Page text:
Identification, Images, & Information
For Insects, Spiders & Their Kin
For the United States & Canada
News
BugGuide infrastructure is undergoing changes this evening. Some instability may result. -John

Clickable Guide
Moths Butterflies Flies Caterpillars Flies Dragonflies Flies Mantids Cockroaches Bees and Wasps Walkingsticks Earwigs Ants Termites Hoppers and Kin Hoppers and Kin Beetles True Bugs Fleas Grasshoppers and Kin Ticks Spiders Scorpions Centipedes Millipedes

Calendar
Upcoming Events

Photos of insects and people from the 2015 gathering in Wisconsin, July 10-12

Photos of insects and people from the 2014 gathering in Virginia, June 4-7.

Photos of insects and people from the 2013 gathering in Arizona, July 25-28

Photos of insects and people from the 2012 gathering in Alabama

Photos of insects and people from the 2011 gathering in Iowa

Photos from the 2010 Workshop in Grinnell, Iowa

Photos from the 2009 gathering in Washington

TaxonomyBrowseInfoImagesLinksBooksData
Photo#210525
Oedipodinae - Leuronotina ritensis - male

Oedipodinae - Leuronotina ritensis - Male
Mile Marker 4, Ruby Rd., Santa Cruz County, Arizona, USA
July 29, 2008
These have beautiful dark orange hindwings. They perched on bare, lichen-coverd rocks, on which they are well camouflaged. They were reluctant to move when disturbed. Their habitat and appearance remind me of descriptions of Leuronotina ritensis, except that the photo was not taken in the Santa Rita Mountains.

Paging David Ferguson...

Images of this individual: tag all
Oedipodinae - Leuronotina ritensis - male Oedipodinae - Leuronotina ritensis - male

Moved

Leuronotina ritensis
Needs guide page.

Hi Doug
Missed this one till I got your note. Yes, that's indeed what it is. It's not unusual to find things away from where they are "supposed" to be, especially things like grasshoppers living on rocks. Not too far from the Santa Ritas, and similar habitat in this area, so not too surprising, and a great find. The Santa Ritas are probably the northern tip of a much more extensive distribution in Sonora. Won't surprise me much if they turn up in the Huachucas and maybe Peloncillos and Chiricahuas as well. Question - Did they buzz when they fly? (I'm just curious - I've never seen a living one myself - so far).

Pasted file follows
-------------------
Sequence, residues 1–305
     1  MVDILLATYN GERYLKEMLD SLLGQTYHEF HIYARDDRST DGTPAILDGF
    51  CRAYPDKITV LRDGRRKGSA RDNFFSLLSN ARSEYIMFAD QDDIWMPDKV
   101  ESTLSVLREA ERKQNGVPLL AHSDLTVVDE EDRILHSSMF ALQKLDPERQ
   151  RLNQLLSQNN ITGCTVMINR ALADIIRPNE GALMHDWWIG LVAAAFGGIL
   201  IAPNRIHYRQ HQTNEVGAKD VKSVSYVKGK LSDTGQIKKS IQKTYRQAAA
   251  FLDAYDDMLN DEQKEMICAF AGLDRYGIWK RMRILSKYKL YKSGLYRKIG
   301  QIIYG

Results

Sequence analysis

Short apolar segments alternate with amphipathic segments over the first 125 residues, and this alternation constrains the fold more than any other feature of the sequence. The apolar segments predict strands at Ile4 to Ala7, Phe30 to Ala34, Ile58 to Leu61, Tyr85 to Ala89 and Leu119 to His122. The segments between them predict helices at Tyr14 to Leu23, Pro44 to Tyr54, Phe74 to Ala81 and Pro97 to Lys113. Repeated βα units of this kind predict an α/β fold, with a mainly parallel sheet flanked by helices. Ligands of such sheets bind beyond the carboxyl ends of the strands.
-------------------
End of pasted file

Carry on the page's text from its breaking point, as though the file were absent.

Thanks
I was more or less thinking along those lines. Still, I'm reluctant to call something like that on my own. In my work with butterflies, I've encountered folks calling something a rarity, or slightly outside of its reported range while overlooking something much more common that turns out to be the correct ID. I'd rather not do that.

This one was photographed in the Atascosas, which is a bit west of the ranges you suggested it might turn up in. I found it on two sites about a half mile apart. There was ample similar habitat in the area. Although you can hear them when they fly up, they don't make a buzzing or crackling sound- certainly nothing like, say, a Circotettix. I took a couple of specimens, which I'm mounting. I'll post a photo with the wings spread when they're dry. Thanks again for the ID.

Comment viewing options
Select your preferred way to display the comments and click 'Save settings' to activate your changes.